In motivating some of the smartest people on the planet to get excited about working for and with Wikimedia, we need to leverage the sites they’re likely to use -- especially Wikipedia. Whether it’s by means of global banners, targeted banners, or less conspicuous links, we’ve seen time and again that people do and will notice when we ask for their attention.
Will we get challenge participants? Definitely. The Community Department ran a first “open call” focused on hiring mid-2010, which resulted in hundreds of applications (tracked via the foundation:Special:CommunityHiring special page). The difference here is a stronger focus on completion of challenges -- which could be too much of a deterrent to succeed in practice. But it’s worth trying.
Participant flow example
Here’s how the participant flow could work:
- Participant sees a banner on Wikimedia project:
“Wikipedia is looking for the smartest, most dedicated engineers and product visionaries on the planet. Do you have what it takes to work for a non-profit that’s changing the world? Complete one of our October 15 weekend challenges!”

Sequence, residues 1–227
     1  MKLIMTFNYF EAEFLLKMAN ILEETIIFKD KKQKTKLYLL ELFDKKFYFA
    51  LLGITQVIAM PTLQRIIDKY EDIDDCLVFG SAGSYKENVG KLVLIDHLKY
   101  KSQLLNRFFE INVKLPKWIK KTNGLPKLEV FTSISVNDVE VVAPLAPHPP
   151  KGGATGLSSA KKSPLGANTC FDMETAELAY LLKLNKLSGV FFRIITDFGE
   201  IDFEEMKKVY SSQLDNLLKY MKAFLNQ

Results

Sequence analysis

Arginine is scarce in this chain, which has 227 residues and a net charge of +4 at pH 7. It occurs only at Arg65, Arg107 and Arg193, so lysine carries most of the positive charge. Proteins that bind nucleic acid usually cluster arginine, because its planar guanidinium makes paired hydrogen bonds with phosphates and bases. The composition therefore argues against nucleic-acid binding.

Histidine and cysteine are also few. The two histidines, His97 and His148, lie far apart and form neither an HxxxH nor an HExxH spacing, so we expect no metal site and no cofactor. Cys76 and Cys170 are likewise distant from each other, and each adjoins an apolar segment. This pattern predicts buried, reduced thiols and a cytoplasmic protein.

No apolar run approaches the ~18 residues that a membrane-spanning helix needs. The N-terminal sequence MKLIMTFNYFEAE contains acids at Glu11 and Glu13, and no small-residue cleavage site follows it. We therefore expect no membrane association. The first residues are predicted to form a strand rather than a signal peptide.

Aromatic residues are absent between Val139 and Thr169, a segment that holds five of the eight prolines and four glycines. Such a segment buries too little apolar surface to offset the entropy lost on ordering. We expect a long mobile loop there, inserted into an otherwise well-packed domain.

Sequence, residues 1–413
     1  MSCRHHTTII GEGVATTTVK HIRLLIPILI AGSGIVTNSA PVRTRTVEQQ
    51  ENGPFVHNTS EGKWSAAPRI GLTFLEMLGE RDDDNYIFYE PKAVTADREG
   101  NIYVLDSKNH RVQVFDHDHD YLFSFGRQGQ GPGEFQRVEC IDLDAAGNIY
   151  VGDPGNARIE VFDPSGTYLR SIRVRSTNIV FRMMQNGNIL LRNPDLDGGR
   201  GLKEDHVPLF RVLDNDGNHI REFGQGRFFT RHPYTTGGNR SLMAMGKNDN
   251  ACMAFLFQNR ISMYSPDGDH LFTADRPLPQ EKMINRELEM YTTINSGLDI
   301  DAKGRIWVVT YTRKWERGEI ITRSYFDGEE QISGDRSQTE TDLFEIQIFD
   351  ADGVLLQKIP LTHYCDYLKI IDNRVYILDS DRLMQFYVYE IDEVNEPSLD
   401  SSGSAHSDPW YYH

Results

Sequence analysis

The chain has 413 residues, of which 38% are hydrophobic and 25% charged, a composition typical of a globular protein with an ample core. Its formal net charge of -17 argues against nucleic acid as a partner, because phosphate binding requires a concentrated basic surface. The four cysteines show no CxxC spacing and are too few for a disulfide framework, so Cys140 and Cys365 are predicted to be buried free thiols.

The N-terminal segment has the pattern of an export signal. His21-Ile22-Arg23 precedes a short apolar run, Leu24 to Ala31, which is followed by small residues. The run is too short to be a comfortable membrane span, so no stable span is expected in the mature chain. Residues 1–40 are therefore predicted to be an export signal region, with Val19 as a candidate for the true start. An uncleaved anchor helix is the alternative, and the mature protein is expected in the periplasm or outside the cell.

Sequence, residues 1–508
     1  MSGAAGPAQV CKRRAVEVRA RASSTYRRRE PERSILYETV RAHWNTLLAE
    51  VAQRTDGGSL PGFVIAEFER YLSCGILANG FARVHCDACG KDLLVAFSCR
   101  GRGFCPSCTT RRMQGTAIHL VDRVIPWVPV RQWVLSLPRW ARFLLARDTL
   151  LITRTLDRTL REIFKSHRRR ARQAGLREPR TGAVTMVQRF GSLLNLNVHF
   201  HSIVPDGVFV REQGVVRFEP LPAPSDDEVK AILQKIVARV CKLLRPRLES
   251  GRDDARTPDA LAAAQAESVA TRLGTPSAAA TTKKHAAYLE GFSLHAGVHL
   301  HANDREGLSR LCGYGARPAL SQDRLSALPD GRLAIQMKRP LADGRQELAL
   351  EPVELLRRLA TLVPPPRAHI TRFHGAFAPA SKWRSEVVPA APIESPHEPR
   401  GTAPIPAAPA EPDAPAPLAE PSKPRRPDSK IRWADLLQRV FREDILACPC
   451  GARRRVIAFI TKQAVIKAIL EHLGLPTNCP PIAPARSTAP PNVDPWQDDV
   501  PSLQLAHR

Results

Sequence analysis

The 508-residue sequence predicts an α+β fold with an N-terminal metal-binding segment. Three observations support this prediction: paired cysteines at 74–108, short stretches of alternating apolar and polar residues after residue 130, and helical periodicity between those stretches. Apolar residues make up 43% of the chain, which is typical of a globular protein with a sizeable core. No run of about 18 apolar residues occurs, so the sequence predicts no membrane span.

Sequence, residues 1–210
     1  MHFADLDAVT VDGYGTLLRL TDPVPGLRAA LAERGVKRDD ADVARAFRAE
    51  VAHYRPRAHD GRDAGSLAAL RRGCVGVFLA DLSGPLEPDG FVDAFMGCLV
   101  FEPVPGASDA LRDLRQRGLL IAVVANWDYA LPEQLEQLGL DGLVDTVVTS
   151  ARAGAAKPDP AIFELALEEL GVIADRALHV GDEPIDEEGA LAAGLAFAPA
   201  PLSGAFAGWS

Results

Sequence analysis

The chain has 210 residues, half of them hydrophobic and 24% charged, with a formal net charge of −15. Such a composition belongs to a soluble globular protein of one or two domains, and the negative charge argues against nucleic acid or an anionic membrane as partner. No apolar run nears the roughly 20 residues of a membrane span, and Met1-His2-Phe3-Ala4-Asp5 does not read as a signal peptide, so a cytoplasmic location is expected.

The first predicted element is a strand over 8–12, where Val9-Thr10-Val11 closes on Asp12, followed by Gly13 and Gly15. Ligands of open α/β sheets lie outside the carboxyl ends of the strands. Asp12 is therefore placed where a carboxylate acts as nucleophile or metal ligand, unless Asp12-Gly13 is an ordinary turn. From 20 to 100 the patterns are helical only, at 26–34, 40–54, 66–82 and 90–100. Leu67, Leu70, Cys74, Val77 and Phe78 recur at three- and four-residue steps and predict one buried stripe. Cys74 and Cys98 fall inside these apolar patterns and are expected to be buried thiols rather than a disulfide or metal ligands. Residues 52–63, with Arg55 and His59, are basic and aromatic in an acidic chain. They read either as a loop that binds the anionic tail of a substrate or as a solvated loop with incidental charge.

- Participant clicks banner, visits landing page. Landing page contains:
- Preface (perhaps personalized). There should be an inspirational piece, and an explanatory one about the process.
- A set of challenges that the participant can choose to complete.
- Links for information about job openings, volunteer opportunities, etc., for folks who prefer more traditional approaches
- Participant picks a challenge. The challenge page contains:
- Instructions about how to complete the challenge.
- Information about what typically happens after a submission (e.g. time to review).
- A link to an “I’ve completed this challenge” page.
- Participant completes the challenge.
- Participant visits the “I’ve completed this challenge page. This page contains:
- A file upload form for any required file(s), including e.g. CV for participants interested in job openings
- Some questions about the candidate, similar to foundation:Special:CommunityHiring
- Participant submits information
- Participant receives email confirmation
- Participant receives warm personal acknowledgment and is guided forward in the process as appropriate
- Simple expression of thanks without next steps for participants who lack sufficient qualifications
- Volunteer on-boarding for participants interested and qualified to get involved in development as volunteers
- Candidate screening and interview for participants (exclusively) interested in job openings